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Thermophilic Aerobic Treatment of Mycelia Sludge and Antibiotic Wastewater

Lookup NU author(s): Dr Claire Furlong, Dr Paul Sallis


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A major waste stream from antibiotic production is mycelia sludge. This paper explores the use of an aerobic thermophilic bioreactor with solids separation and chemical treatment (acid hydrolysis and oxidation) of excess sludge to treat this waste. This system was evaluated for reduction of total chemical oxygen demand (TCOD) and volatile suspended solids (VSS). The investigation was split into three phases. Phase 1 was the treatment of 5% [weight/volume (w/v)] mycelia waste (with an average TCOD of 92; 400 mg/L and VSS of 46,000 mg/L). Phase 2 was the treatment of 1% (w/v) mycelia waste in combination with effluent from the antibiotic recovery plant (average TCOD of 36; 000 mg/L and VSS of 8; 900 mg/L), and Phase 3 was as for Phase 2 with chemical treatment. The system was run for 92 days without accumulation of organic or inorganic solids, even though no sludge was wasted from the reactor. The mycelia sludge proved to be readily biodegradable in Phase 1 (average TCOD destruction was 82% and average VSS destruction was 89%). An acclimatization period of 37 days was required when the mixed antibiotic wastewater was introduced in Phase 2. After this period, the average TCOD destruction was 83%. Chemical treatment in Phase 3 improved and stabilized VSS destruction (from 76% in Phase 2 to 87% in Phase 3). This study demonstrates that this system can be used to effectively treat mycelia sludge, both alone and combined with a mixed antibiotic wastewater, with minimal excess sludge formation. DOI: 10.1061/(ASCE)EE.1943-7870.0000643. (C) 2013 American Society of Civil Engineers.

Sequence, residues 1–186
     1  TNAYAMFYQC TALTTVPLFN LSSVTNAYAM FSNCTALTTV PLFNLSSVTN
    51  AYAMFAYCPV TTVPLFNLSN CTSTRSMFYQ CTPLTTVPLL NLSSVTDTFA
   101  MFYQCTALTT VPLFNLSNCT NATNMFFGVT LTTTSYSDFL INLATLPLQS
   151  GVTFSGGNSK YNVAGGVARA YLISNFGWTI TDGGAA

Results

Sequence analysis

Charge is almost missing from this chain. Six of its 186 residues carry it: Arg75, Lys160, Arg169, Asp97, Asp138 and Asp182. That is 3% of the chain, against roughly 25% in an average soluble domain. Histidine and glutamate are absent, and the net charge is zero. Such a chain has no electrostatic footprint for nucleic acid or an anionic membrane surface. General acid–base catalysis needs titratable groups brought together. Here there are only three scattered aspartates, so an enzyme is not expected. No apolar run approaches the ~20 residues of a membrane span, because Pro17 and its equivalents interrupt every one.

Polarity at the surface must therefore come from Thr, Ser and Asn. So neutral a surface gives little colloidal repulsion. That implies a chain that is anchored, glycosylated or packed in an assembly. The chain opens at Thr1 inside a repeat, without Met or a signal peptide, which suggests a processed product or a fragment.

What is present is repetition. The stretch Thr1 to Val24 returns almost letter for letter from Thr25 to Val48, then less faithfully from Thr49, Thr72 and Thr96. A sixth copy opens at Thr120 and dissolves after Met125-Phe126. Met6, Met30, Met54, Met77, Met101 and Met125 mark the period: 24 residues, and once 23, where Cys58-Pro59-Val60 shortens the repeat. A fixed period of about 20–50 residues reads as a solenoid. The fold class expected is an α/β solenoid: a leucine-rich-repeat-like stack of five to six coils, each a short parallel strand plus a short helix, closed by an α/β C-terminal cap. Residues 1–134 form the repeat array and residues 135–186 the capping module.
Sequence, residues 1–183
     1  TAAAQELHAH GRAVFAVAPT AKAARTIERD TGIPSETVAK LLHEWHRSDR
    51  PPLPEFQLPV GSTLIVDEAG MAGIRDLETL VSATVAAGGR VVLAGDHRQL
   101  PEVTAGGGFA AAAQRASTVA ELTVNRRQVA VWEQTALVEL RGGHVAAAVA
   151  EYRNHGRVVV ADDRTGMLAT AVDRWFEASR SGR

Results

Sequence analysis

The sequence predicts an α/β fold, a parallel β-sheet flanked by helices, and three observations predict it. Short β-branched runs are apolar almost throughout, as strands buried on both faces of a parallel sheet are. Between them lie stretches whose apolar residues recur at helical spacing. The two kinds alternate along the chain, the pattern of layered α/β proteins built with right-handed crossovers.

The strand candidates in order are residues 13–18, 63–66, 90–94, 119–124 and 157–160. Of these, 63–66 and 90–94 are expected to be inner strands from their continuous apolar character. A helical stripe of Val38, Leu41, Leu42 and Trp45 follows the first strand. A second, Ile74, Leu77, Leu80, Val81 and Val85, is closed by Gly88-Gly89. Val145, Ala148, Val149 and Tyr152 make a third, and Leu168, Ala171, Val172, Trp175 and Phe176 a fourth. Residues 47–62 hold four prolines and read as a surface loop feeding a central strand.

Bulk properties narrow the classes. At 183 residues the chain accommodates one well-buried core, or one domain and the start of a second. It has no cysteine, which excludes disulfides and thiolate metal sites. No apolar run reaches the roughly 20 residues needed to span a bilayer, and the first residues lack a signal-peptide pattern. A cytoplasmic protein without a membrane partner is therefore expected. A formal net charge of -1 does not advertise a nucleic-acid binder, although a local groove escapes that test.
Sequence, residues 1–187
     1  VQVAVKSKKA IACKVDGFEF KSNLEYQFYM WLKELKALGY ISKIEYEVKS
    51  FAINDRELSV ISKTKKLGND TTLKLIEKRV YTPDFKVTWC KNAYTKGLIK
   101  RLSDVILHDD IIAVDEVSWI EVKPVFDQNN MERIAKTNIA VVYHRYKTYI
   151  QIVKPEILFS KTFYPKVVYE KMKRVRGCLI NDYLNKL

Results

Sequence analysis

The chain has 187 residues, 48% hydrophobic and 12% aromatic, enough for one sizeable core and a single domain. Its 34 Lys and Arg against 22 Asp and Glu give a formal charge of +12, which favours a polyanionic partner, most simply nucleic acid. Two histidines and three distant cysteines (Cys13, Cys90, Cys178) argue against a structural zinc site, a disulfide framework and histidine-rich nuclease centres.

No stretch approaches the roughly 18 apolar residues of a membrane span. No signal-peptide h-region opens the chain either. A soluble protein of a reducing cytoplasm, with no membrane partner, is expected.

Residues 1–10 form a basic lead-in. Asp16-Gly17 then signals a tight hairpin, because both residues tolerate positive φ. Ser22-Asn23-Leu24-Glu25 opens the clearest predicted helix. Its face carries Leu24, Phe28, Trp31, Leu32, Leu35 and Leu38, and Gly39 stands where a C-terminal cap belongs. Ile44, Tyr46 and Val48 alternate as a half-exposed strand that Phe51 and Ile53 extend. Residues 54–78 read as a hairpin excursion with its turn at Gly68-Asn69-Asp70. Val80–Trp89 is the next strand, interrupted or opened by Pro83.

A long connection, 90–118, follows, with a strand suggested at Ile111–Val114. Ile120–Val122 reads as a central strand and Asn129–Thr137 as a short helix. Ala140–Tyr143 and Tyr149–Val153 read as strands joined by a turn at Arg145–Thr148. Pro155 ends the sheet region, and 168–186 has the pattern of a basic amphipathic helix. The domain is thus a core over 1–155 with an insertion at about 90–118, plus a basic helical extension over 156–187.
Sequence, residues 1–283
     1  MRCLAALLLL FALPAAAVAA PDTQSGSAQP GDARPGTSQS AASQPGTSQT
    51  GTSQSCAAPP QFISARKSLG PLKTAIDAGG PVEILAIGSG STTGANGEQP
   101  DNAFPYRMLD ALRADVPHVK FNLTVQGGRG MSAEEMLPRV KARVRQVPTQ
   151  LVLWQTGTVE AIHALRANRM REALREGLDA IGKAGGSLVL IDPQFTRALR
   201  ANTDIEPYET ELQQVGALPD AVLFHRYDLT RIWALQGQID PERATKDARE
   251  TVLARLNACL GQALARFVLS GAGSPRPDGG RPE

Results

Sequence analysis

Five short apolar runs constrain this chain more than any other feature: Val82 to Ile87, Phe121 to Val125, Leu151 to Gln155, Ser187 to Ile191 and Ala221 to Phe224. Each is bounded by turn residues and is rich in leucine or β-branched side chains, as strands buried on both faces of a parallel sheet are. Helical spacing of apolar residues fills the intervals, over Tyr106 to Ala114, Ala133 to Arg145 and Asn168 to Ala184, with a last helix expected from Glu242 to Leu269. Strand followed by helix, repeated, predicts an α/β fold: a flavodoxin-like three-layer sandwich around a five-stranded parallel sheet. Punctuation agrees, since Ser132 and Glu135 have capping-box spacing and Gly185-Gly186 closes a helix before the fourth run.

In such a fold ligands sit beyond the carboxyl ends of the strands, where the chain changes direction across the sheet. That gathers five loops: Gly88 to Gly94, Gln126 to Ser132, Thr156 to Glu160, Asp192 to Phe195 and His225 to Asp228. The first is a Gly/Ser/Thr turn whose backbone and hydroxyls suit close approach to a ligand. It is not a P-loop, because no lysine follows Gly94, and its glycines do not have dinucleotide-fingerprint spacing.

Publication metadata

Author(s): Furlong C, Sallis PJ, Wilby T

Publication type: Article

Publication status: Published

Journal: Journal of Environmental Engineering

Year: 2013

Volume: 139

Issue: 2

Pages: 289-294

Print publication date: 31/08/2012

ISSN (print): 0733-9372

ISSN (electronic): 1943-7870

Publisher: ASCE


DOI: 10.1061/(ASCE)EE.1943-7870.0000643


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